2014 Annual Conference - Construction Industry Institute

Report
Quantitative Measurement of Project Manager
Competencies
Research Team 306
Implementation Session
2014 CII Annual Conference
July 21–23 • Indianapolis, Indiana
Research Team 306
Quantitative Assessment of Project Manager Competencies
Academic Team Members
Jose A Buitrago, Jr, CSA Group
Awad S. Hanna, University of Wisconsin- Madison
Richard D. Carrithers, Jr. , DTE Energy
Jeffrey S. Russell, University of WisconsinMadison
George Carter, Anheuser-Busch InBev
Carol C. Menassa, University of Michigan
Alexandra E. Beletic, University of WisconsinMadison
Industry Team Members
Chair: Richard D. Bradford, Bechtel Group, Inc
Vice Chair: Jeffery L. Moore, Ameren Missouri
Dale C. Allen, Shell Global Solutions
Robert Bryant, BP Refining & Logistics
Technology
Jeff Drinkard, Hargrove Engineers + Constructors
Ian D. Etzkin, URS Corporation
Roque Francisquez, SABIC - Saudi Basic Industries
Corporation
Bryan Hoerner, Audubon Engineering Company, LP
Richard A. Krout, Walbridge
Rita M. Norat, Air Products and Chemicals, Inc.
Nancy Skinkle, Architect of the Capitol
Frank Williamson, Wood Group Mustang
Agenda
• Research Summary
– Literature Review
– Data Collection and Analysis
– Tool Development and Validation
• Tool Walk Through
• Panel Discussion
• Questions/Answers
Research Objectives
The primary purpose of RT306’s research was to develop a
consistent methodology to define and quantitatively measure
the competencies of Project Managers (PMs) in order to:
– Identify PM competency gaps
– Focus PM training needs and development
– Develop and validate an implementable and useable Project
Manager Competency Assessment Tool (PM CAT)
PM CAT
(Project Manager Competency Assessment Tool)
A user-friendly tool designed to quantitatively assess and score PMs’ competencies.
1.
Provides a thorough list of competencies and definitions that a PM should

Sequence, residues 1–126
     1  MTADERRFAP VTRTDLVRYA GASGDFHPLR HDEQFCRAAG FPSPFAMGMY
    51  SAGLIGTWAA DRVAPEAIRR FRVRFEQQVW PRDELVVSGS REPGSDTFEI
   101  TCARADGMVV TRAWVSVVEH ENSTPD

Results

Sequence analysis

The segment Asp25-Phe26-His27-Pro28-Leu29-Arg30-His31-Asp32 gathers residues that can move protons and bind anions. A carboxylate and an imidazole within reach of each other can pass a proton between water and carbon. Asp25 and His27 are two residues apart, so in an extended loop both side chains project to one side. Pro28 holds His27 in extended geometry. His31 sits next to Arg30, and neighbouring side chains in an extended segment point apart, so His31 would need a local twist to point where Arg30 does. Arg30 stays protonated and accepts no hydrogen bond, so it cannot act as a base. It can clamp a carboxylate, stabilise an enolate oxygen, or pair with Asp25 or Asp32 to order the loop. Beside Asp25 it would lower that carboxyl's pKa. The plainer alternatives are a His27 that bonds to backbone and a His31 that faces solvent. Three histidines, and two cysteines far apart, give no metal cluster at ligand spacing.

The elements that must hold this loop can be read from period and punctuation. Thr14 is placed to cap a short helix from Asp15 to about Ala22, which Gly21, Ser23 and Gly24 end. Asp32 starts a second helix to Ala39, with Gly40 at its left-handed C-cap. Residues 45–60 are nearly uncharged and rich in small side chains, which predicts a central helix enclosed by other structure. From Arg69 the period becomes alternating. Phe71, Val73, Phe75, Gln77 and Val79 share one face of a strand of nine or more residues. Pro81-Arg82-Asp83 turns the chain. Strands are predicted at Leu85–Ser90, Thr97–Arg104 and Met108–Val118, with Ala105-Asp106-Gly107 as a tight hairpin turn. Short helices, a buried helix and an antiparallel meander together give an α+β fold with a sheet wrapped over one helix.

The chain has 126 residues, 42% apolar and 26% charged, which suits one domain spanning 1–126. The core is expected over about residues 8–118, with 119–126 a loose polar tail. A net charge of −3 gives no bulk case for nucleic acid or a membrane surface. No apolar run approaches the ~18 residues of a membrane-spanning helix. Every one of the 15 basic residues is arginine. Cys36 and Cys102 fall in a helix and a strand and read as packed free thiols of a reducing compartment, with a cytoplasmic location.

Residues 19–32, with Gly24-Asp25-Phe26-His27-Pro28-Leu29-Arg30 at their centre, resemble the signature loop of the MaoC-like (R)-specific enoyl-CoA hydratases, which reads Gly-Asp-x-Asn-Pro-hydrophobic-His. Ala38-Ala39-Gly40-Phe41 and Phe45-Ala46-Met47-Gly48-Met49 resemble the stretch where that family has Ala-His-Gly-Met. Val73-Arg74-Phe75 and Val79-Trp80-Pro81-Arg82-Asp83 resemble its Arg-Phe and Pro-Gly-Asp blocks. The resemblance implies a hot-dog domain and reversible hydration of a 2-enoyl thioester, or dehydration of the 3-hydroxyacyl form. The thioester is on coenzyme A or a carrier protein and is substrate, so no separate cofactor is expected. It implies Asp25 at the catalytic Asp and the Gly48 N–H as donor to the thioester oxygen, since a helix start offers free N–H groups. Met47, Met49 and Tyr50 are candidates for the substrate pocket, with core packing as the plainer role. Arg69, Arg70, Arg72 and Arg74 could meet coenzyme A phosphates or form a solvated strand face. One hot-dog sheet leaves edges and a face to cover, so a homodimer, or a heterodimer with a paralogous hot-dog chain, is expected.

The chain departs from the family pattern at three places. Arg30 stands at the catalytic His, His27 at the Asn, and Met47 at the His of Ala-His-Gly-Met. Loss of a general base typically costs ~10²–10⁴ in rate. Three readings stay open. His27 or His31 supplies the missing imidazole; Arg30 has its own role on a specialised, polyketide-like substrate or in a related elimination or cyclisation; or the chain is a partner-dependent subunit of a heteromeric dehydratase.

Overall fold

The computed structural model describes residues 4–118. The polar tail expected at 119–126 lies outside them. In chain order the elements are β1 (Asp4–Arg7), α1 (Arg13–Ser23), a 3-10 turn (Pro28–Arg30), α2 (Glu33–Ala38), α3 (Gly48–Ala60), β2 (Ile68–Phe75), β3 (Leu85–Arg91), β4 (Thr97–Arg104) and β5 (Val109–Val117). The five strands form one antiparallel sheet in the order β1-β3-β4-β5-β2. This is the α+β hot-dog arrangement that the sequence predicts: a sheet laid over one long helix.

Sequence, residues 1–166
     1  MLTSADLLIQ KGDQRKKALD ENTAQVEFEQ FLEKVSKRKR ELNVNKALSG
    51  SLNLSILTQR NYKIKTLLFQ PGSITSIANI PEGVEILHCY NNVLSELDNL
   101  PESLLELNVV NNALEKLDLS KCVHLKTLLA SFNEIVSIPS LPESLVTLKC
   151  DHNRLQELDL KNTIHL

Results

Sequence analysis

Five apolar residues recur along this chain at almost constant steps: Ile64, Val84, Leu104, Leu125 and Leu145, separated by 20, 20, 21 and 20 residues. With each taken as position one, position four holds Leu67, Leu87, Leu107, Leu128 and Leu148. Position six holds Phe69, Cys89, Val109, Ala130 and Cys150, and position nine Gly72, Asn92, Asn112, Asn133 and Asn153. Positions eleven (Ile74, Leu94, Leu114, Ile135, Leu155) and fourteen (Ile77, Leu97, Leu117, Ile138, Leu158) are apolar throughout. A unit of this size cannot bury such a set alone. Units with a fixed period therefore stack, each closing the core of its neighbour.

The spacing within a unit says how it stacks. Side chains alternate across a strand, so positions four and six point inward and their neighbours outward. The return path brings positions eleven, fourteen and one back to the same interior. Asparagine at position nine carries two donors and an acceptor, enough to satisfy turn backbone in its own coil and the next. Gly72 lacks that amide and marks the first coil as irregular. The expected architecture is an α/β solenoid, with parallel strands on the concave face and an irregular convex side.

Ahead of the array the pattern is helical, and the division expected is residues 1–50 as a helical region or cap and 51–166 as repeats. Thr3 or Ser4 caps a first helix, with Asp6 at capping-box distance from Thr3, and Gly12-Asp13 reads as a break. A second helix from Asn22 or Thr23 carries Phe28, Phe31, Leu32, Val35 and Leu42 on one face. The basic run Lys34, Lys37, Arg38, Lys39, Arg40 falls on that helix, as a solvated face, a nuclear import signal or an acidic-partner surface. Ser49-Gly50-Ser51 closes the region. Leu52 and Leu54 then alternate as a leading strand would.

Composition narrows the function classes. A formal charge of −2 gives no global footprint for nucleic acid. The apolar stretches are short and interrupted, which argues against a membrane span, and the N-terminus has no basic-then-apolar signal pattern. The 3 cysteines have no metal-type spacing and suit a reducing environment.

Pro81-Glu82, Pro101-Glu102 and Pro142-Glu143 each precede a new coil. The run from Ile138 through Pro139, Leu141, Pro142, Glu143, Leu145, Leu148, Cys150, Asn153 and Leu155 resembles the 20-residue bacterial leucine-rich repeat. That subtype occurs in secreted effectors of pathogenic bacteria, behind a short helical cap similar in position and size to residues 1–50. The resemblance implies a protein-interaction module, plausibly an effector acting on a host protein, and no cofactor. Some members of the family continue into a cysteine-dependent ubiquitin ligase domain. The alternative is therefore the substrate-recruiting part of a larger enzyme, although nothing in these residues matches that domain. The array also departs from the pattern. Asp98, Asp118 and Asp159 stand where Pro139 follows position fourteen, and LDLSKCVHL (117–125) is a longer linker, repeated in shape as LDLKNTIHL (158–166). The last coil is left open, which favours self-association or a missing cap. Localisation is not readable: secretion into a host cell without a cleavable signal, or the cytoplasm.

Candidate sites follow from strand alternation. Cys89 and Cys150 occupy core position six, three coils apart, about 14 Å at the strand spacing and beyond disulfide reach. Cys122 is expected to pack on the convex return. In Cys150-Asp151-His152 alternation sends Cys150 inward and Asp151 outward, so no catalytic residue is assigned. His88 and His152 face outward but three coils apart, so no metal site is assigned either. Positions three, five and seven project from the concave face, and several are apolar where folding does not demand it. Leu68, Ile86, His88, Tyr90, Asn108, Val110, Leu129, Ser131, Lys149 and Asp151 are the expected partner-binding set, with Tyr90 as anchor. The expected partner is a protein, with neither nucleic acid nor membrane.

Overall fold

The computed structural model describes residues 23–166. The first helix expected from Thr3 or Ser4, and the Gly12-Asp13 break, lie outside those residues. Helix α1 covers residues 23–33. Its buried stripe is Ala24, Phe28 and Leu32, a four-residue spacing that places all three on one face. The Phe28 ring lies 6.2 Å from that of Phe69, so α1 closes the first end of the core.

possess to successfully lead, manage and execute a project
2.
Assess the competencies of a PM and compares him/her to the industry
3.
Improves PM effectiveness by targeting specific development needs to
enhance their competencies in a personalized and more efficient manner
4.
Enhance the selection process of qualified or potential PMs
Background
• PMs must have the technical and leadership expertise, training, and
characteristics to bring about a successful realization of project goals
• Should continuously improve their skills through development and training
• Historically been evaluated by qualitative means
• CII commissioned RT-281 – Project Management Skills for the Future in 2010
– Anticipate the PM competencies to respond to industry changes and future challenges
– Served a s a platform for RT-306’s research
Research Methodology
Literature Review
• Industry-wide need for a simple and quantitative PM Competency Assessment
Tool
• Existing PM competency models
• Discover, include, define and properly weight all critical PM competencies
• Organized into four competency groups:
– Knowledge/Experience (altered from RT-281’s Technical/Virtual),
– Management
– Cognitive (& Attributes)
– Leadership
Existing Competency Model examples….
NASA Development Framework Leadership Model:
Management (NASA 2008)
Corporate Education Group Project Management
Competency Model (CEG 2008)
RT-306